This is why he spent years getting to know Jesus Christ by poring over his every word in the scriptures and by responding in his own words, until a sort of spiritual conversation developed in his prayer life. To begin with, the knowledge was predominantly intellectual, but it gradually became more and more emotional as he experienced the love of Christ reaching out to envelop his mind and heart and his whole being. Now he began to respond in the language of love as his deepest feelings awoke to the love he experienced, reaching out to envelop him. Finally, when everything had been said that needed to be said, he found that all he wanted to do was to be still, to savour in silence what he had received in a deep but ‘heart-felt’ contemplative stillness. This experience of St Augustine follows a similar pattern to human loving.
To begin with, a couple talks, but the more they talk to each other and get to know one another the less they need to speak. The more the spark of love that was there from the beginning begins to flicker into a flame, the less they need words to express how they feel. It is now enough just to be together and to savour one another’s presence and the love that binds them together. This profound ‘at-one-ment’ is beautifully expressed in John Donne’s poem, The Ecstasy:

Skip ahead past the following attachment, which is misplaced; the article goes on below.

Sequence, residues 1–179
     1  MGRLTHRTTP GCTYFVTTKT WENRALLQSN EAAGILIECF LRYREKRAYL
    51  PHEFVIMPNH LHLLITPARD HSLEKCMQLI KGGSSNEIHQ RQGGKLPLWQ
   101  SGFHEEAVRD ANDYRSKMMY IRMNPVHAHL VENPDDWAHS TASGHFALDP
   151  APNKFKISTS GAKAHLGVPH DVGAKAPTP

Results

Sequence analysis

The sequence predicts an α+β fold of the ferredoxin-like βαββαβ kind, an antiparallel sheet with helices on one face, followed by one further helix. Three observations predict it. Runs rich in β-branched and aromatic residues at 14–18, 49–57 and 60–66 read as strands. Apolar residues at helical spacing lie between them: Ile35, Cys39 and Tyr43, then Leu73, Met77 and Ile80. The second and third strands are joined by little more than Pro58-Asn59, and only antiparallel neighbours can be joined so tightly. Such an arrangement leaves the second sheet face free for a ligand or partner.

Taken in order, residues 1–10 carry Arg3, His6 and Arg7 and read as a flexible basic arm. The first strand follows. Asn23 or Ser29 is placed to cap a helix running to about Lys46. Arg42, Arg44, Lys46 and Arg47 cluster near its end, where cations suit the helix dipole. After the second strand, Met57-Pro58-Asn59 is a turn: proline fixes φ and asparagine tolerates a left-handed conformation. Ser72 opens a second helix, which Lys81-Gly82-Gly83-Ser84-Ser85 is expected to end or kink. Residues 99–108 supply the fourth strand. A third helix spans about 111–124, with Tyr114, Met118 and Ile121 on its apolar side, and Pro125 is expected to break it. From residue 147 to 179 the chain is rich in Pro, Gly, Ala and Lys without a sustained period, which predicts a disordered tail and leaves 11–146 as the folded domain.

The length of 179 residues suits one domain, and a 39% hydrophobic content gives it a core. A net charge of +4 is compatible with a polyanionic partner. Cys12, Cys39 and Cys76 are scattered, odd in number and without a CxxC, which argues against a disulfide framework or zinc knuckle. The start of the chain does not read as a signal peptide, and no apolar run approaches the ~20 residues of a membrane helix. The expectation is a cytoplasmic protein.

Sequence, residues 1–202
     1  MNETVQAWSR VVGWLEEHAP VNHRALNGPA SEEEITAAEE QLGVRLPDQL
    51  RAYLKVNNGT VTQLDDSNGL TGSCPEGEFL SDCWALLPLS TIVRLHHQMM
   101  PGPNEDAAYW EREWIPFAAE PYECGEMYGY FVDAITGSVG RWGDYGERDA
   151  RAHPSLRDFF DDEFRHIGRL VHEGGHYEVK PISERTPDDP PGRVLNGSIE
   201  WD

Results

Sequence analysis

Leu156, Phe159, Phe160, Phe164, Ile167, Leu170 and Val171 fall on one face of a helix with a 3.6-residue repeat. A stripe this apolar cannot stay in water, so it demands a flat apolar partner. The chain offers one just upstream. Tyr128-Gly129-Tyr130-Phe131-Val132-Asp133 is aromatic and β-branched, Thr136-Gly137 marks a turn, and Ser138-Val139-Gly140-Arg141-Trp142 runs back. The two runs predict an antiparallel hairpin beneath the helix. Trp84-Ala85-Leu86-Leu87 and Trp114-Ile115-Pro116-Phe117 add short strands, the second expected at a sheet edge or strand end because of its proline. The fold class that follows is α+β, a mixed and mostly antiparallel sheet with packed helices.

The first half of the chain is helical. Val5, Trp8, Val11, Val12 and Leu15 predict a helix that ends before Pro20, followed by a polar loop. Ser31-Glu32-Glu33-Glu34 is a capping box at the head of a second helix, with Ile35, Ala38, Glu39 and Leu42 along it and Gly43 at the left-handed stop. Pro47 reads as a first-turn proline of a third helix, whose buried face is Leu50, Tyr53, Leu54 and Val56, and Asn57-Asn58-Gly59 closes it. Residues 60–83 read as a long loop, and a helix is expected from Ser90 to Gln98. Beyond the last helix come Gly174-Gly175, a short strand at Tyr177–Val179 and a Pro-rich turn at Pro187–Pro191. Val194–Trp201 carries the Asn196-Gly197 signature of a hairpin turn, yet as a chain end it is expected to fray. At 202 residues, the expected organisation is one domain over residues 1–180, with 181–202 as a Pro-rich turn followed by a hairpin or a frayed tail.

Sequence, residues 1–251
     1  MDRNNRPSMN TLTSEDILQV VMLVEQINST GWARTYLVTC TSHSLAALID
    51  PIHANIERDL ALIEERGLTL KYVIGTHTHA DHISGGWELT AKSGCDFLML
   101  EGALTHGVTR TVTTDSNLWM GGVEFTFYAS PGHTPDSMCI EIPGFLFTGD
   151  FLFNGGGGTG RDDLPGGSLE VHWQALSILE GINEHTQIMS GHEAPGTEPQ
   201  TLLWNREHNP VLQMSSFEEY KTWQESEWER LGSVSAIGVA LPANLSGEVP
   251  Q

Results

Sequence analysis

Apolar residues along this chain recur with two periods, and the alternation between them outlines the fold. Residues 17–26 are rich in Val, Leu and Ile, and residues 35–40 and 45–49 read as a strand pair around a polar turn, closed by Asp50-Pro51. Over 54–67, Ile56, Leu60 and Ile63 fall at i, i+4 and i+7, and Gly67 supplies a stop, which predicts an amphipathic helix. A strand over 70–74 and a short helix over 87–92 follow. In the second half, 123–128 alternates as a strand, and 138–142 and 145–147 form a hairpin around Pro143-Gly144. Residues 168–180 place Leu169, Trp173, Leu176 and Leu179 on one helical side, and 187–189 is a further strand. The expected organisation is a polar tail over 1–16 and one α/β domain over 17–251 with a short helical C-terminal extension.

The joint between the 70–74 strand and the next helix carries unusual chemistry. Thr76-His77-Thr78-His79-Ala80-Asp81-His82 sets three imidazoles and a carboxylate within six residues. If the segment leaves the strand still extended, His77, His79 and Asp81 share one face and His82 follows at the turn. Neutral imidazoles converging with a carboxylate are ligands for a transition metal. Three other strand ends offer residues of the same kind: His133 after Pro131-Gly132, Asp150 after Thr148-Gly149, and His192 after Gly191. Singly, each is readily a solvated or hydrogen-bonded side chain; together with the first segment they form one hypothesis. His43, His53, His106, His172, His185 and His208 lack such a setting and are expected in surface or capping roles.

We like sepulchral statues lay;
All day, the same our postures were,
And we said nothing, all the day.
The same sort of idea is expressed by D. H. Lawrence in Women in Love, when he writes:
‘Words travel between the separate parts.
But in the perfect one there is a perfect silence of bliss.’
St. Augustine knew it was Christ whose love he experienced enveloping his whole being, as the first part of his spiritual journey reached its climax. Medieval spiritual writers used the words ‘meditatio’, ‘oratio’, and ‘contemplatio’ to describe how the initial intellectual beginnings of prayer develop through highly charged emotional aspirations, to the still and silent gaze upon God. During the Counter-Reformation, when spiritual writers became a little more analytical and psychological, they used the terms Meditation, Affective Prayer, Prayer of Simplicity, and Acquired Contemplation to describe what their medieval forebears had described before them. The phrase ‘acquired contemplation’ was coined to describe the final stage of this process, because it can be reached by human endeavor, to distinguish it from true mystical contemplation which, as we will see, is a pure gift of God that cannot be attained by any man-made methods or techniques.